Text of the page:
imbedded in a microstrip set-up. For the other types of design, I will use a continuous
type of phase shifter, where the phase shifting capabilities are obtained from the
change in the dielectric constant of the substrate of a microstrip transmission line
printed on FEM material.
4.1 Thin Ceramic Tunable Capacitor
In this first design, a lumped capacitor having BTO as dielectric is used as phase
shifter element, the capacitor is inserted through wire bonds in a microstrip
transmission line printed on allumina substrate as illustrated in Fig. 4.1.1
Allumina substrate
FEM capacitor
50£i microstrip
0.63 mm
SMA connector
wire bond
Fig. 4.1.1 Tunable phase shifter using lumped tunable capacitor
as tuning element
72
Reproduced with permission of the copyright owner. Further reproduction prohibited without permission.
In order to measure the S-parameters of this circuit under different bias conditions,
one needs to have a suitable bias set-up which doesn't interfere with the microwave
signal and avoids voltage leaks in the system. A sketch of the set-up utilized for this
measurement is shown in Fig. 4.1.2.
calibration
planes
BPF
HP-8510
FEM,
BPF
Hi voltage
generator
Fig. 4.1.2 Measurement set-up used to measure the scattering
parameters of the phase shifter
Use o f a quarter-wave high impedance line and a quarter-wave low-impedance open
stup in the band pass filter (BPF), ensure isolation of the bias from the microwave
signal for a reasonably good bandwidth see Fig. 4.1.3. Additional resistors were used
(their value is not important since the circuit has almost no current flowing through)
for safety reasons, so that in the case of a bias voltage short (due to breakdown of the
ceramic), only limited current will flow through the circuit. The two bandpass filters
were centered around 2GHz. The filters where especially designed [1] to withstand
high static field, i.e. their comers were rounded and 2-mm high dielectric rigidity glue
was deposited in their air gap. A schematic layout of the filter and the X/4 isolator is
shown in Fig. 4.1.3, details on the filter design are reported in Appendix A. The
calibration of the network analyzer is done after the filters (see Fig. 4.1.2). Because of
73
Reproduced with permission of the copyright owner. Further reproduction prohibited without permission.
the presence of the filters and of the bias network, the usable calibrated range will be
smaller compared to the one preset on the network analyzer.
to the device
RT-Duroid substrate
1575
SMA connector
to the network
analizer
Fig. 4.1.3 Detail of the band pass filter used as insulator
The new range will be essentially dictated from the out of band isolation of the filter
and from the sensitivity of the network analyzer. This bandwidth can be obtained
directly from the network analyzer, connecting together the two ports. The result of
this test is shown in Fig. 4.1.4
.CHI l->e
lo g
MAS
S dB /
REF 0 dB
M
l;
.0 0 1 6
dB
0 0 0 . 1 1 0 0 OCO MHZ
C2
E/E MARKER
GHz
START
1 0 0 0 .0 0 0
000
MHZ
STOP 3
0 0 0 .0 0 0
000
MHZ
Fig. 4.1.4 Usable bandwidth (flat one) after the insertion of the bias network
74
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We observe we can still have accurate measurement with the bias network between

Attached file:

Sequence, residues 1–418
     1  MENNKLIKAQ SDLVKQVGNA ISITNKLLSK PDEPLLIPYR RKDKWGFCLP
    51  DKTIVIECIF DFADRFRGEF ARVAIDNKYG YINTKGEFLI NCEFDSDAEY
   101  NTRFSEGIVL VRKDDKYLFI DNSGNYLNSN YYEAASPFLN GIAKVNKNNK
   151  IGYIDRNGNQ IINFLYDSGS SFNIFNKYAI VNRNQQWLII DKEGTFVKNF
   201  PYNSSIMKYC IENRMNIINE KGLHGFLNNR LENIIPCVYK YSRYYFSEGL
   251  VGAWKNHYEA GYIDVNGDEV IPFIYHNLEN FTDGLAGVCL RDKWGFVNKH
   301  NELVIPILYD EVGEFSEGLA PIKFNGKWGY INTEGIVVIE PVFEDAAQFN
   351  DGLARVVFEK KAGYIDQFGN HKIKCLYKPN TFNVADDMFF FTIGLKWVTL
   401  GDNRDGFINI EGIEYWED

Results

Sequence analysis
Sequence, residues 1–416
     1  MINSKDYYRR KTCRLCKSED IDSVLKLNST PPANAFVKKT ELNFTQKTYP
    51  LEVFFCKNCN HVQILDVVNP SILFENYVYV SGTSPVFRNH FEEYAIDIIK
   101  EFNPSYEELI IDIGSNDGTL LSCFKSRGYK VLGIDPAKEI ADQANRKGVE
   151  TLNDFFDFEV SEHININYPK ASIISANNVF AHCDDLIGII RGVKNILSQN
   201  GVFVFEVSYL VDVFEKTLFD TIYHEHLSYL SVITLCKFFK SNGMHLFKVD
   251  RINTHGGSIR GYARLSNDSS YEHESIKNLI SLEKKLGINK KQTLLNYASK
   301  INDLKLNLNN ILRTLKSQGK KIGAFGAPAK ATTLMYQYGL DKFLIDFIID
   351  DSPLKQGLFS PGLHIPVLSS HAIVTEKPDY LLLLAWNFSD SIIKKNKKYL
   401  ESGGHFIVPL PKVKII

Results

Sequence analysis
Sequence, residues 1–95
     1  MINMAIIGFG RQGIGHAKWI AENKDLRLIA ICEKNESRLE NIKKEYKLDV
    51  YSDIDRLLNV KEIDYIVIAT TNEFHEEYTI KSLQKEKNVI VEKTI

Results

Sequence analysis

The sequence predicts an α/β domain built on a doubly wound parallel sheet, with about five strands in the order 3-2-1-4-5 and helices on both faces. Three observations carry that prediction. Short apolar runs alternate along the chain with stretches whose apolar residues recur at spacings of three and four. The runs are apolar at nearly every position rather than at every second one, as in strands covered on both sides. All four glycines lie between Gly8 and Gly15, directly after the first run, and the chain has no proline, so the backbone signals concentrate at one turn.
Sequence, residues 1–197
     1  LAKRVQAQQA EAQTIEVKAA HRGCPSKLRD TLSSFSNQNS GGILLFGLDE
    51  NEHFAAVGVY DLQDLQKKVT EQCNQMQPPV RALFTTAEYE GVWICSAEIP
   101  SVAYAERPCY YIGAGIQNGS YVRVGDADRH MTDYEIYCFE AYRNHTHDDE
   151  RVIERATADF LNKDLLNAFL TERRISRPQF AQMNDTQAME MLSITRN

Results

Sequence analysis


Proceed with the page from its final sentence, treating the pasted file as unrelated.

1.2 GHz and 2.5 GHz. The result from the measurement of the S parameters for the
circuit of Fig. 4.1.1 is reported in Fig. 4.1.5-4.1.8.
I^IC M
lo g
MAG
0 0 0 . MOO 0 < 0
GH2
C2
E /E
START
1 9 0 0 .0 0 0
000
M Hz
STO P
2
9 0 0 .0 0 0
000
MHz
Fig. 4.1.5 Magnitude of reflection coefficient (S u ) for bias and unbias condition
CH2
1 -1 C M
on«««
60
* /
REF 0
*
1 ;- 1 0 4 .2 6
*
0 0 0 . 11 0 0 0< 0
MHz
S O O .O O O
MHz
MARKER
ca
E/C
START
1 S O O .O O O
000
MHZ
STO P
2
000
Fig. 4.1.6 Phase of reflection coefficient (S u ) for bias and unbias condition
75
Reproduced with permission of the copyright owner. Further reproduction prohibited without permission.
R E F O dB
C2
E /E
MARI : e r
2 GHj
^= 5
STA RT
—
\
i
dB
H
X
X
fc -.B S S O
2 000.1IOO oc
0
1 dB /
M
1
1>
■
9 0 0 .0 0 0
000
I—
MHz
STO P 2
S O O .O O O
000
i
M Hz
Fig. 4.1.7 Magnitude of transmission coefficient (S21) for bias and unbias condition
CHI
l« 2 6 M
phddd
20
• /
REF
Xi
0
92.302
000.1100 0<0
MHZ
9 0 0 .0 0 0
MHZ
C2
E /E
GH2
s ta r t
1 9 0 0 .0 0 0
000
MHZ
STOP
2
000
Fig. 4.1.8 Phase of transmission coefficient (S21) for bias and unbias condition
76
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Almost 10° phase shift is obtained at 2 GHz, with a change in the magnitude o f the
transmission coefficient below 0.3 dB, and keeping the return loss below -20 dB for
biased and unbiased conditions without the aid of any matching circuit. With the use
j
of a simple model on Touchstone (EEsof). we model the circuit, and we estimate a
|
change o f 35% in the dielectric constant o f the capacitor. This confirms that full
modulability is preserved from 1MHz (see Chapter 3) up to 2.5 GHz. This
phenomenon is clear from Fig. 4.1.5 where no cange in the difference between the
phase o f the transmission coefficient is observed in the overall bandwidth. This
j
unique property o f these materials make them a candidate for extremly broad band
|
I
)
devices. Measuring the losses due to the connectors (which were not deembedded
during the calibration) and due to the microstrip we found an insertion loss o f 0.4 dB.
This clearly proves that this kind of configuration, because the small dimensions of